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Android Series Ep 6: Corporate-Owned Personally-Enabled

Throughout this series, we’ve been putting focus on the different use cases that Android Enterprise supports with its various modes. So far, we’ve discussed the work profile and the fully dedicated device and how these deployment modes bring exceptional customer experiences from BYOD to rugged use cases. Now we are excited that through VMware Workspace ONE UEM, we are able to combine the best of both worlds and bring you corporate-owned personally-enabled (also known as COPE or work profile on a fully managed device).

Hello, COPE! Enabling Personal Use on a Corporate Device

Feedback we have heard in the past was that Android Enterprise needed middle ground. The work profile was great for BYOD while the fully managed device was a little too restrictive. Cue COPE. This brings together the work profile and the fully managed device to give IT the control that they need while giving end users the flexibility to install the apps of their choice. The end users still see the separation of work and personal with the work profile and IT admins get the ease of mind that corporate data on the device, even outside the work profile, is secure.

What Does COPE Look Like?

  • For the end user – It looks similar to a device with just a work profile with the corporate apps badged with the work icon. However, to make sure the end user knows the device is fully managed, the lock screen has a message that reads, “This device is managed by your organization”. When it comes to apps, there will be two separate Google Play stores – one is managed Google Play with company-approved apps and the other is a public store where any app (like Facebook or Instagram) can be installed for personal use. Since the device is fully managed, it’s enrolled out of the box through one of the five methods (zero-touch enrollment, NFC bump, EMM identifier, QR code or Knox Mobile Enrollment).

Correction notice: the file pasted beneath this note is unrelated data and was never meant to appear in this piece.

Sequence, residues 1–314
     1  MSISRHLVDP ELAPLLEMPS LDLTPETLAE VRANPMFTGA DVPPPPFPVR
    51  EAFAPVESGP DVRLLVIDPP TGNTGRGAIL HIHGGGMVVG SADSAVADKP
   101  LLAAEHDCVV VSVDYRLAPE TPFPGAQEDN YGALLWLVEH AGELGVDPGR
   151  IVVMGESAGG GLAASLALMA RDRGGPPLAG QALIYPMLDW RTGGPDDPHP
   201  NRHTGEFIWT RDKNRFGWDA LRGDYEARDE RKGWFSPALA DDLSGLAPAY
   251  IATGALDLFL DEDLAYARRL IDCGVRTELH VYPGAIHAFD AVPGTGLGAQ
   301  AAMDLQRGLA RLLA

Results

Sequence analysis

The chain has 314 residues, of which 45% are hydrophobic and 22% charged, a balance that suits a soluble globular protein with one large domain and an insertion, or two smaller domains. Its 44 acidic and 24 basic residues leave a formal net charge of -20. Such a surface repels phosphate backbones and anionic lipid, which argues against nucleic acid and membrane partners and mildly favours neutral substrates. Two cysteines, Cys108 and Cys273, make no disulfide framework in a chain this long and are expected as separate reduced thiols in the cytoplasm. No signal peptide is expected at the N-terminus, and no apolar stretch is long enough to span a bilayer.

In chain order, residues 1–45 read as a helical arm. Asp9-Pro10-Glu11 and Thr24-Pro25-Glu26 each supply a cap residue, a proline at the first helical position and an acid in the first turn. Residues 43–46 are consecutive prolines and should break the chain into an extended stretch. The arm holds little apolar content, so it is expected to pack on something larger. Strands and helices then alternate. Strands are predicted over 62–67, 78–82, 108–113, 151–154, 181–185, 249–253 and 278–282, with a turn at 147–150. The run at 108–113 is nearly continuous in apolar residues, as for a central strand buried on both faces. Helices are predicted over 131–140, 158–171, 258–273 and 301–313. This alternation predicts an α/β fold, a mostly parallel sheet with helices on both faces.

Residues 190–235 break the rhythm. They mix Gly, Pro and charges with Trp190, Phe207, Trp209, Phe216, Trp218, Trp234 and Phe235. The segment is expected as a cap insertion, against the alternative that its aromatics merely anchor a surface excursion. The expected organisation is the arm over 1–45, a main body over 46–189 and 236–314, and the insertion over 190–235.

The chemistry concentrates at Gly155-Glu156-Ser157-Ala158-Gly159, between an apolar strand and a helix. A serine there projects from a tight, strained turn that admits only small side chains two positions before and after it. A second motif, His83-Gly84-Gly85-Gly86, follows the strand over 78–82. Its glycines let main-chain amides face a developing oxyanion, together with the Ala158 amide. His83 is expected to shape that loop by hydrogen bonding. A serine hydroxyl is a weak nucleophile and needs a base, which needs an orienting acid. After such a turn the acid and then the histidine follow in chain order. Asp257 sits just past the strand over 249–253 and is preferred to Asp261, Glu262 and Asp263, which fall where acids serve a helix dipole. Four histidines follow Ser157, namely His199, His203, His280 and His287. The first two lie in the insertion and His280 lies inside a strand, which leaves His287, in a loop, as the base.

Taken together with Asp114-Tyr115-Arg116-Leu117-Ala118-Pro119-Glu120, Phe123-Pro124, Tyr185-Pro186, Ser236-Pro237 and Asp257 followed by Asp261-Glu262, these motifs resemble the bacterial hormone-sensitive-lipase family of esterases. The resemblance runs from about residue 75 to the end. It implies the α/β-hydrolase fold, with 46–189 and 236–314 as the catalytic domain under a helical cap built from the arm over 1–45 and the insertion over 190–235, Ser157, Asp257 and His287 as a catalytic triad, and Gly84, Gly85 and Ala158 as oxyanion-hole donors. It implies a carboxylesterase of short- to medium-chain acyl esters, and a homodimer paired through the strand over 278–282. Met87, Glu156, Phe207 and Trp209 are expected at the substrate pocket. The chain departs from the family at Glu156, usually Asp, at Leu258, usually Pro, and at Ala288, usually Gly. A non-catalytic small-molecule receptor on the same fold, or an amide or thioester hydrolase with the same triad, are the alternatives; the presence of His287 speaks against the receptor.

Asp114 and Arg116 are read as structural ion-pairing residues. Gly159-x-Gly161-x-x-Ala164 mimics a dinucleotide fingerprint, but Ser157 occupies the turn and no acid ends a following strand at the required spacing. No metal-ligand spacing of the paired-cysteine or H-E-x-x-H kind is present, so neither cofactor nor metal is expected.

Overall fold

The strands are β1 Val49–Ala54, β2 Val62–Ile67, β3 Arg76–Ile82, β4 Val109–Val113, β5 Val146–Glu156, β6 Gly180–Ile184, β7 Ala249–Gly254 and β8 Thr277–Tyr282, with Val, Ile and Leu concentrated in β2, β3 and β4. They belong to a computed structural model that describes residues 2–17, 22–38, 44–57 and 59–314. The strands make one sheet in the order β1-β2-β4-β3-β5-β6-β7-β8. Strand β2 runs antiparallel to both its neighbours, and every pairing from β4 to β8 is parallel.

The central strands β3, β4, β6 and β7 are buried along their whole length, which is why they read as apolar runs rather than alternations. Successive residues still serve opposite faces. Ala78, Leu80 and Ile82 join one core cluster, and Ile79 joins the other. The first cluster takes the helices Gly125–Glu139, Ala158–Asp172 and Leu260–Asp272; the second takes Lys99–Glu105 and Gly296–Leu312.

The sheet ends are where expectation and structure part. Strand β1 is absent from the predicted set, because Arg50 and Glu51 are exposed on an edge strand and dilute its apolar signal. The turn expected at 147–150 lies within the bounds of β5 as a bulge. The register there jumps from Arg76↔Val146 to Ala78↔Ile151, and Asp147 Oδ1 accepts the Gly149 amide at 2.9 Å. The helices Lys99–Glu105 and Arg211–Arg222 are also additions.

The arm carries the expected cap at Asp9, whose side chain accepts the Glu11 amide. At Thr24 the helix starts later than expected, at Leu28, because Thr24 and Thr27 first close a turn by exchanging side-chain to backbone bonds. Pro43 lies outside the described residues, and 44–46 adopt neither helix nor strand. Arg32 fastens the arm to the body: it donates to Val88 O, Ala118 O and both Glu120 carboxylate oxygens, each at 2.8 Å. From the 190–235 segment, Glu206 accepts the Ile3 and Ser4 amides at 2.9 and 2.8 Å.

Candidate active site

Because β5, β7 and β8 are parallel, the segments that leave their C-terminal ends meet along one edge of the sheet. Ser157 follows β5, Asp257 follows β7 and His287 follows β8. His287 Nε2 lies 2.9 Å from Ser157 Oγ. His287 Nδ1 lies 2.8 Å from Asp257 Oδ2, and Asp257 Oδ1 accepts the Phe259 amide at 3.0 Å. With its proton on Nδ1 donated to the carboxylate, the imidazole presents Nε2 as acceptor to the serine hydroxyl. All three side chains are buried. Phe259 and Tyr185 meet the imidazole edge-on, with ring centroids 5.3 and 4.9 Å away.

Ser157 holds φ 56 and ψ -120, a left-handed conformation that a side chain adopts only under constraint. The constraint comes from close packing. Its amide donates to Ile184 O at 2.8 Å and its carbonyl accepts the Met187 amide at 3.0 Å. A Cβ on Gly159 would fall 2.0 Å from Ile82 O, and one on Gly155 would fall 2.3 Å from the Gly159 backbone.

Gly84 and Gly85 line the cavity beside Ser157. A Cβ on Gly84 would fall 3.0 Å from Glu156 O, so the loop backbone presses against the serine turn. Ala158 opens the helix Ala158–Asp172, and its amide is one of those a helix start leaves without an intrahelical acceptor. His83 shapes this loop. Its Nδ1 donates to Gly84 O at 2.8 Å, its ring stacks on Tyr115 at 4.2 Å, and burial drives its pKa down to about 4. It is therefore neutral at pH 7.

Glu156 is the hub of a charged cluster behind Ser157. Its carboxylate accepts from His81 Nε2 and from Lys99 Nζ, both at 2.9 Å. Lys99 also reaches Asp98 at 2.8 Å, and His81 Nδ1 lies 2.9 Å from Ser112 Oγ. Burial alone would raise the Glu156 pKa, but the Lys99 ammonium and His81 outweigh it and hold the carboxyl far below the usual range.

• For the admin – There’s a simple toggle setting in the Workspace ONE UEM console so when enrolled, the device knows to enroll as COPE opposed to just fully managed. When configuring device policies, the admin has the ability to select if the policy or restriction applies to the work profile or the device side. For example, the admin can select to allow the user to screen capture when using the personal apps but prevent screen capture when using corporate apps in the work profile. Unlike a device with just the work profile, if the device is stolen or the user leaves the company it can be remotely factory reset to remove any data from the device or to be ready for the next user.

See what this looks like yourself in episode 6 of the Android Series:

COPE is available in Workspace ONE UEM 1810 and higher. For more information, visit My Workspace ONE for our product guides and announcements. If you haven’t seen our previous episodes, learn why it’s time to make the switch from device administrator to Android Enterprise in episode 1. As always, be sure to return to our blog for the latest on Android Enterprise and Workspace ONE!